February Bass Bonanza begins with “No Snow” Down South
Spring fishing is something that everyone all around the country simply cannot wait for. While many enjoy the hard-water action and great success during the winter months up north, not everyone can handle the cold. Aches and pains seem to migrate to between the ears when the mercury drops and folks all start to think about spring.
Why? Well, almost everyone looks forward to the fish-catching action we find for many freshwater species as those colorful spring flowers start to pop and the birds begin to warble and chant through the morning collection of their annual mating jukebox.
For some lucky folks, springtime and good fishing starts really early in the year, for example, in Florida, where professional fishing guide, Tom Marks, visits his mom to test many freshwater lakes and ponds that he calls, “Friendly waters down south.” Some of these are on golf courses.
Last year, Marks was rewarded with a monster largemouth bass that tipped the official Florida scales at 13 pounds-12 ounces, a healthy bass.
With his home near Buffalo, New York, you might understand why Marks looks forward to a southern trip in winter. Living on the Great Lakes, Marks is a professional guide, he catches big fish throughout the year. With this last big fish, he may have achieved a mark that few pro’s anywhere in the country ever achieve, that is, catching three bass in the last three years all over that magic 10-pound mark. Some folks can fish their entire life with hopes of catching a 10-pound bass someday, but never do. It is a giant wish on the bass fishermen’s bucket list, for sure.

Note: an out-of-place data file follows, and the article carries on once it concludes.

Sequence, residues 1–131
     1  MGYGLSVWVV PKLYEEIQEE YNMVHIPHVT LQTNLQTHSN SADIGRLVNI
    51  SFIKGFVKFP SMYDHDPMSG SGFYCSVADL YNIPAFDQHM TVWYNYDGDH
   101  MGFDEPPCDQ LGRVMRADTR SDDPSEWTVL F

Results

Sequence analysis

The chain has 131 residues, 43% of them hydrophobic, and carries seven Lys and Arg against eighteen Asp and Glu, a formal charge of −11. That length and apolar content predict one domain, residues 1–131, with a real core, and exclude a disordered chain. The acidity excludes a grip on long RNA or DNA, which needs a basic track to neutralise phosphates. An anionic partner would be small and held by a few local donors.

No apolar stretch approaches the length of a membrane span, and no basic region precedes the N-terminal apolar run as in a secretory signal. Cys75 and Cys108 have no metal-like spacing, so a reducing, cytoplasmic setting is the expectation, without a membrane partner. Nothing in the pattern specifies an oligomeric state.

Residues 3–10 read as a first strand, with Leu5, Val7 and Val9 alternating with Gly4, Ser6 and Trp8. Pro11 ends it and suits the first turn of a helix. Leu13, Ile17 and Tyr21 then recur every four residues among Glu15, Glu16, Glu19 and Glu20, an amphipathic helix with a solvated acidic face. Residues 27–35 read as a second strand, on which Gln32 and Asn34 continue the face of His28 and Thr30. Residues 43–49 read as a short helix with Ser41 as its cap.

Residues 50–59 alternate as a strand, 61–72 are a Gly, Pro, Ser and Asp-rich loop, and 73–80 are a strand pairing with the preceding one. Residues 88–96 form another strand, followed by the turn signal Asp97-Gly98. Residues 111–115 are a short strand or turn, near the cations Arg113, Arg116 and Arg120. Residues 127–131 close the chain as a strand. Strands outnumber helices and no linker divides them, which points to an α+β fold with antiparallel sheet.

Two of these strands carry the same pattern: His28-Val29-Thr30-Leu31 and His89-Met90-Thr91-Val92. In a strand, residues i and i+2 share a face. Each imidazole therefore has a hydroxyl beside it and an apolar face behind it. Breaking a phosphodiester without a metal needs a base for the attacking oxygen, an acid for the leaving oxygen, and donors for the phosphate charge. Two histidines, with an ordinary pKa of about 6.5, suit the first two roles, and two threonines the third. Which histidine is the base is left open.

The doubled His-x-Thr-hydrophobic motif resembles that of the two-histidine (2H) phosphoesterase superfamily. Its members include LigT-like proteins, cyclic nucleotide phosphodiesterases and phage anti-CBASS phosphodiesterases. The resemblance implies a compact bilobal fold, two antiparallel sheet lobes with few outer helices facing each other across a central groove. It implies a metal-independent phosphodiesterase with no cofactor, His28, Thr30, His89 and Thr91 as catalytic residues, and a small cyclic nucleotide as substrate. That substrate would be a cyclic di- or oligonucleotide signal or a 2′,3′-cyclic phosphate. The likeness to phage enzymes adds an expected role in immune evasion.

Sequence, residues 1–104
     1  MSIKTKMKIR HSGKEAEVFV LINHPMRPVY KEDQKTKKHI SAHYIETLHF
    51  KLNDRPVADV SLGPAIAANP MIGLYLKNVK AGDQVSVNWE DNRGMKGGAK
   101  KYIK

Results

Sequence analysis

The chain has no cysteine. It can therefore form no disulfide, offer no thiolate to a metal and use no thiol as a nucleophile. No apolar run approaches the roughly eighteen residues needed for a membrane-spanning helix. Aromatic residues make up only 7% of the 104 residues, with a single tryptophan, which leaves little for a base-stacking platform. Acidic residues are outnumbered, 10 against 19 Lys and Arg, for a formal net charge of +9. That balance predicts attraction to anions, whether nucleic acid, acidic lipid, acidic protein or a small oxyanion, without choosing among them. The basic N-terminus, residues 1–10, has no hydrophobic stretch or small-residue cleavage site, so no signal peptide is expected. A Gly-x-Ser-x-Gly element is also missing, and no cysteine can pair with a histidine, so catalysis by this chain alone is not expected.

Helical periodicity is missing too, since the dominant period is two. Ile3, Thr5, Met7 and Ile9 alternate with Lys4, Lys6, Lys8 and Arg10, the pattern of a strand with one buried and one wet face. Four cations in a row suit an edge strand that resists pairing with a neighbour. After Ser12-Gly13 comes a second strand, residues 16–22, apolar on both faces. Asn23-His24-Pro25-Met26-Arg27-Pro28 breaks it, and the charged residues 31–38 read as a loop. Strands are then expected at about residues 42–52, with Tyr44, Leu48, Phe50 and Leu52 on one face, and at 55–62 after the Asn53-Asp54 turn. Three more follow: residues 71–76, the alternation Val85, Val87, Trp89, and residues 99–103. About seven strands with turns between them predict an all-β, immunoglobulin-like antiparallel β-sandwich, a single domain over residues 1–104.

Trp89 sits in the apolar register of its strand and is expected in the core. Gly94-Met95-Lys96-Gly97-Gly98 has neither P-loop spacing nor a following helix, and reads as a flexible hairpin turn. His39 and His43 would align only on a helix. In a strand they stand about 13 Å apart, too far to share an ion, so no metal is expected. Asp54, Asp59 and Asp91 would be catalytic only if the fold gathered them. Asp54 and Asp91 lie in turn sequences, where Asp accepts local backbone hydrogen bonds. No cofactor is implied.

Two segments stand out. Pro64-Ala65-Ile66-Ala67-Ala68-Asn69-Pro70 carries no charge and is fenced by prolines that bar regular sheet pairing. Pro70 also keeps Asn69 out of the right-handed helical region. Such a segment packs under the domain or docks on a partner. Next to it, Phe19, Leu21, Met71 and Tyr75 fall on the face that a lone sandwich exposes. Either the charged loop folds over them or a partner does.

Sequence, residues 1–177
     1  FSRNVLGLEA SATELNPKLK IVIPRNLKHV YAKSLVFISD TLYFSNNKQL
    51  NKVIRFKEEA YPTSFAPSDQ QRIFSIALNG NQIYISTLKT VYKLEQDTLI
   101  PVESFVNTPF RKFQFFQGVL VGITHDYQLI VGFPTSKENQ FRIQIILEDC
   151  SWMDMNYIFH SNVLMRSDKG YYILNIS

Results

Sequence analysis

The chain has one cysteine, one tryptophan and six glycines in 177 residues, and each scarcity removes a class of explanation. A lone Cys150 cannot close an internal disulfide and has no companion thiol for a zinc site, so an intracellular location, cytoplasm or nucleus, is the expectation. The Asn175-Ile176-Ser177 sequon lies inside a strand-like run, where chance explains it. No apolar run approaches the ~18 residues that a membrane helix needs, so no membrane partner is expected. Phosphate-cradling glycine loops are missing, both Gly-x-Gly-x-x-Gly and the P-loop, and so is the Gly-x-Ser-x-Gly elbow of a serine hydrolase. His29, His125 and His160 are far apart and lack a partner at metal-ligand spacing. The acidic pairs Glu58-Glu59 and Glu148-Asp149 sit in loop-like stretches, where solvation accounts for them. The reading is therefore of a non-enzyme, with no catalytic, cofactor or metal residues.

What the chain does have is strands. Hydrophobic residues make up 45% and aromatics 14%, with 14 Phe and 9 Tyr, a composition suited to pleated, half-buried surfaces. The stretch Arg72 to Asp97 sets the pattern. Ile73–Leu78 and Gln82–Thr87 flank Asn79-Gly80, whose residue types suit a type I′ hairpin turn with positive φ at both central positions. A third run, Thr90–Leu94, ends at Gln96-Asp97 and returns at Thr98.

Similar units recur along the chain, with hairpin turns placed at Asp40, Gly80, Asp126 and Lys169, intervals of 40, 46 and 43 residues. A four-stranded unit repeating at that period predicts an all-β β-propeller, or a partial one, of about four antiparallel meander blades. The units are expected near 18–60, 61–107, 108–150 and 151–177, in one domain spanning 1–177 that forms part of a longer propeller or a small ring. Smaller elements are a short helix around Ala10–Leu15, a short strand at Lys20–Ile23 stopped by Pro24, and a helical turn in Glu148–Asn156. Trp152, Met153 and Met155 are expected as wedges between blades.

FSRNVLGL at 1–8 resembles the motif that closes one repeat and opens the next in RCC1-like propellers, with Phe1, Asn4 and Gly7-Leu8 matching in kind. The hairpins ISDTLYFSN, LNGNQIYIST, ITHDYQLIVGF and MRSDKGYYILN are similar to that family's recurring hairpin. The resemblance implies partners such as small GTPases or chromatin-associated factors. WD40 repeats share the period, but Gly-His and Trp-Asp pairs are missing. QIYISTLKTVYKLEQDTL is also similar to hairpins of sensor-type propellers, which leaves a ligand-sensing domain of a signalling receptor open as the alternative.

You have to understand that Marks is a retired engineer that took his scientific mind from the desk to the water and he thinks his way through every fishing situation. This tends to make the end result a good possibility that good luck fishing will be realized.
Humble as Marks is, he says, “Catching big fish does take a bit of luck, you know, you have to pay attention all the time.” Those folks that know Marks say he never really talks too much about what he is thinking, he just catches fish and then shares his rod with his friends. He catches fish every day too, even when other charter captains on the fishable waters that he is either guiding on or competing in, are wondering where the fish went for a vacation day. That probably tells the rest of us ordinary anglers that he is not just lucky, but that he has a system, a logical approach to find fish and attract fish, then entice them to strike.